However, if the output VINT of an integrating circuit INT reaches 0 volts and consequently the controller CONT detects a change-over of the output of the comparator COM from the "L" to the "H" level and delivers a latch signal to the latch circuit LA, the latch circuit LA now delivers a signal of the "L" level to the AND gate AND1. Consequently, the final inverse integrating signal Q2 ' to the inverse integration switch AIS is changed over to the "L" level so that the inverse integration switch AIS is turned off thereby to stop the inverse integrating operation. Accordingly, the output VINT of the integrating circuit INT will thereafter maintain 0 volts and will never present a voltage higher than 0 volts. Thus, excessive charging of an integrating capacitor C in the integrating circuit INT which is connected to receive a smaller input signal is prevented and no dielectric absorption appears. Accordingly, appearance of an error in the count value of a counter is prevented.

In this instance, however, in case a latch signal is produced in response to a noise N as indicated by a broken line in FIG. 5 during an inverse integrating operation, a count value then will be latched and the final inverse integrating signal Q2 ' will be changed into the "L" level to stop the inverse integrating operation before a point of time at which the final inverse integrating signal Q2 ' is naturally to be changed into the "L" level. Consequently, before the output VINT of the integrating circuit INT reaches 0 volt, it stops its increase so that the output of the comparator COM will thereafter continue its "L" level condition. Accordingly, it is a problem that a counter may present an extraordinarily small wrong count value.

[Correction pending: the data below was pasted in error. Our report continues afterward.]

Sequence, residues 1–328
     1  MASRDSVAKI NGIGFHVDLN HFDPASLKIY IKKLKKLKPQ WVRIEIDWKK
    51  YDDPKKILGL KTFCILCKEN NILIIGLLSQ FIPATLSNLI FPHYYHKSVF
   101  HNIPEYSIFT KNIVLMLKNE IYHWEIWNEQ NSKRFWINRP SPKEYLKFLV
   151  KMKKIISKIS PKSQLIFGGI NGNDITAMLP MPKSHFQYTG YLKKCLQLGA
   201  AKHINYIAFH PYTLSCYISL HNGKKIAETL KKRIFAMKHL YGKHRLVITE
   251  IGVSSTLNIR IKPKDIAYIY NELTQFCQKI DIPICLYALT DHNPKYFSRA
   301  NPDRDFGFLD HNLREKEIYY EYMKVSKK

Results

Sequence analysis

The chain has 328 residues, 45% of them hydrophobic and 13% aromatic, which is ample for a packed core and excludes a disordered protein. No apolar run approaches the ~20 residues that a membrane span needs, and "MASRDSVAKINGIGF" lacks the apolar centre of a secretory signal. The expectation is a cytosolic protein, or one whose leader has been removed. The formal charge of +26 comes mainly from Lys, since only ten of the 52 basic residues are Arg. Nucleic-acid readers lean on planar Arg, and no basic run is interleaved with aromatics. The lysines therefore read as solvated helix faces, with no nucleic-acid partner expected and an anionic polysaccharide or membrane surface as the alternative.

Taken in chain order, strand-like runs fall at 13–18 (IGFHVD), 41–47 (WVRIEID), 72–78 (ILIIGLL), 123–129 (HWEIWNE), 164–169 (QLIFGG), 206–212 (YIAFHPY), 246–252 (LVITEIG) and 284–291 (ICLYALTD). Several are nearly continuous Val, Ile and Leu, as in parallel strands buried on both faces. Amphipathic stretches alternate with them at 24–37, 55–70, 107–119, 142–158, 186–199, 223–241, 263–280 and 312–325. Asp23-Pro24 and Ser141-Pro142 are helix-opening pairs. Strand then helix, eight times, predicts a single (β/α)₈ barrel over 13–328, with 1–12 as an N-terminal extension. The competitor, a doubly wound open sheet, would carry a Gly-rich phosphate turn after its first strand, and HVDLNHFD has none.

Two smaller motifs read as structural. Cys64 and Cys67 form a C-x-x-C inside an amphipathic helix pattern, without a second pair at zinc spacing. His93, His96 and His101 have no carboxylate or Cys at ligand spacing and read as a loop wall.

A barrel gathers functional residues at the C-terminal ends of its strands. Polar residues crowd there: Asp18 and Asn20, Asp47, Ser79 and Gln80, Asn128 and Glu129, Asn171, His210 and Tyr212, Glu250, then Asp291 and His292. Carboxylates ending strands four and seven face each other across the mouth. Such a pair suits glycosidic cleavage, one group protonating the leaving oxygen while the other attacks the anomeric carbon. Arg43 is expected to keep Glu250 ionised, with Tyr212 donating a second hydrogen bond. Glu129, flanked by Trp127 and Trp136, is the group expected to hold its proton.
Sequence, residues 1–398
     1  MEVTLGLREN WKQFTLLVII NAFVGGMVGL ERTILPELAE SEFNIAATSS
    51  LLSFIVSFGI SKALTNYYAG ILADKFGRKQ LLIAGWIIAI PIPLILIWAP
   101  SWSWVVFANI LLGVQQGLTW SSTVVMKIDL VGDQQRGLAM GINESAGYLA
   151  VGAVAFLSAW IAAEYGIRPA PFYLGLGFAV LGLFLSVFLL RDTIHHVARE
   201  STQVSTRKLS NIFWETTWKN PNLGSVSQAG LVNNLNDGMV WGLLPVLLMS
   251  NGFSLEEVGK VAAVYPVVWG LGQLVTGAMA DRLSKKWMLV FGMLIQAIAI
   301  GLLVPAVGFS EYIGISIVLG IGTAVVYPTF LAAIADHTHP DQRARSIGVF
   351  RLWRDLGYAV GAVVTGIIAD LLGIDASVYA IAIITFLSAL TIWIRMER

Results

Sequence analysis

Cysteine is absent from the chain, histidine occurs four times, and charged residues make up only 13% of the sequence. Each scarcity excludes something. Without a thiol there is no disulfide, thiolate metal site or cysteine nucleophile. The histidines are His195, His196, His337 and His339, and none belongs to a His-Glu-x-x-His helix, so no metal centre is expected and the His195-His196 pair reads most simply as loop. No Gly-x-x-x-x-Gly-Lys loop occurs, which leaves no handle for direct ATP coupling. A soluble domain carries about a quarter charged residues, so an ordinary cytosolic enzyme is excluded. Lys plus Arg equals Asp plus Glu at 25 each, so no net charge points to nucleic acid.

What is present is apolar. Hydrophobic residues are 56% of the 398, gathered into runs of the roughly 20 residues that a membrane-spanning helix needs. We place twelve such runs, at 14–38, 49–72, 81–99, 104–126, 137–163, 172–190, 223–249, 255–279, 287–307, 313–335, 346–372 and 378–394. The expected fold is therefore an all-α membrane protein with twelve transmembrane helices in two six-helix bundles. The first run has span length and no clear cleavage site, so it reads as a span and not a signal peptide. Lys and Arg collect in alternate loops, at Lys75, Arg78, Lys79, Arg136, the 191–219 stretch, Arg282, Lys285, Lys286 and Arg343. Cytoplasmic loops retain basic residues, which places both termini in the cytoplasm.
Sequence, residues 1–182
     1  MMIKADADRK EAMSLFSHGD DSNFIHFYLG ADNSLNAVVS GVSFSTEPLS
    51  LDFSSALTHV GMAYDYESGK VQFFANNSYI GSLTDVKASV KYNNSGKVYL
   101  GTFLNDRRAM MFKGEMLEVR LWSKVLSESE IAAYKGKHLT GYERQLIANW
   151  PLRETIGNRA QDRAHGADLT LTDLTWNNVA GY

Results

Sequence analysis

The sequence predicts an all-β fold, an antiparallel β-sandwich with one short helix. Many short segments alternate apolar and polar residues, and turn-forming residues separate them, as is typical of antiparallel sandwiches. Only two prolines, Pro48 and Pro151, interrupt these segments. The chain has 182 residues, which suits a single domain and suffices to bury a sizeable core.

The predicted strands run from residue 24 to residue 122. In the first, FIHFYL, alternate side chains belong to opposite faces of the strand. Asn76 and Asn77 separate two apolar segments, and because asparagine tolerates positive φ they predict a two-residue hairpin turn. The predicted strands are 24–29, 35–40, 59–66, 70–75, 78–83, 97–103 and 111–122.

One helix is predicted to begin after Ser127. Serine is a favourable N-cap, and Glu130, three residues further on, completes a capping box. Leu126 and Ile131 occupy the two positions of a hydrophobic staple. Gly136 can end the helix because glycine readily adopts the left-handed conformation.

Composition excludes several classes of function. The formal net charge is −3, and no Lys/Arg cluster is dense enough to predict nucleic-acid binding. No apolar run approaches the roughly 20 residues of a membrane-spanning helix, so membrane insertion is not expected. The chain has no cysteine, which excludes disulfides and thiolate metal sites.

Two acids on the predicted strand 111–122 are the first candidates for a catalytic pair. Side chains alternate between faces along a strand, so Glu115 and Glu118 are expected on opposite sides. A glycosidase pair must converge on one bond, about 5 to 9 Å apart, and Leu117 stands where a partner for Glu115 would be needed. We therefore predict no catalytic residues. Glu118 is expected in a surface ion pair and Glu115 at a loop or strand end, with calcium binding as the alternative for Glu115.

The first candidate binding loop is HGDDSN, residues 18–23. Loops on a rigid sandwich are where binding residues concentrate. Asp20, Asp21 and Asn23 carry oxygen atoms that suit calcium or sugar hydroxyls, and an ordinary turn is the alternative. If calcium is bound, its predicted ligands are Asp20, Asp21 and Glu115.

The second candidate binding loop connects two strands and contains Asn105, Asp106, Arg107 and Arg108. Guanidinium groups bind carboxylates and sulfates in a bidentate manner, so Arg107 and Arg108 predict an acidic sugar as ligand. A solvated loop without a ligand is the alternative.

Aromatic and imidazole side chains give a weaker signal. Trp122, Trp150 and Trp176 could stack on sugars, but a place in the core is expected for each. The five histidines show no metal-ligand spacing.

SUMMARY OF THE INVENTION

It is an object of the present invention to provide an analog to digital converting device which can convert input signals of analog values to a plurality of double integration analog to digital converters thereof individually into digital values of accurately corresponding magnitudes even when there is some difference in the input signals.

In order to attain the object, in accordance with the present invention, there is provided an analog to digital converting device, comprising integrating means including an operational amplifier connected to receive an analog signal which is to be converted into a digital signal, an integrating capacitor connected between an input terminal and an output terminal of said operational amplifier, and a reset switch connected in parallel to said integrating capacitor, a comparator connected to an output terminal of said integrating means, integration starting means for starting an integrating operation of said integrating means, inverse integration starting means for starting an inverse integrating operation of said integrating means, controlling means for activating said reset switch of said integrating means, said integration starting means and said inverse integration starting means in this order, and limiting means connected in parallel to said integrating capacitor for limiting an amount of charge to be accumulated in said integrating capacitor by an inverse integrating operation to below a predetermined value.

In the analog to digital converting device of the invention, if the integrating means attempts to continue its inverse integrating operation after completion of its analog to digital converting operation, when charge accumulated in the integrating capacitor of the integrating means by such continued inverse integrating operation reaches a critical level, the limiting means operates to stop further charging of the integrating capacitor. Consequently, the amount of charge accumulated in the integrating capacitor by the inverse integrating operation after completion of analog to digital conversion is limited to below a predetermined level.

Consequently, when the reset switch of the integrating means is subsequently operated, no dielectric absorption will occur in the integrating capacitor and accordingly no charge will remain therein. Accordingly, the integrating capacitor can be restored to its completely discharged initial condition.

The above and other objects, features and advantages of the present invention will become apparent from the following description and the appended claims, taken in conjunction with the accompanying drawings.

BRIEF DESCRIPTION OF THE DRAWINGS

FIG. 1 is a circuit diagram showing an exemplary conventional analog to digital converting device;

FIG. 2 is a time chart illustrating operation of the device of FIG. 1 when two input signals are equal to each other;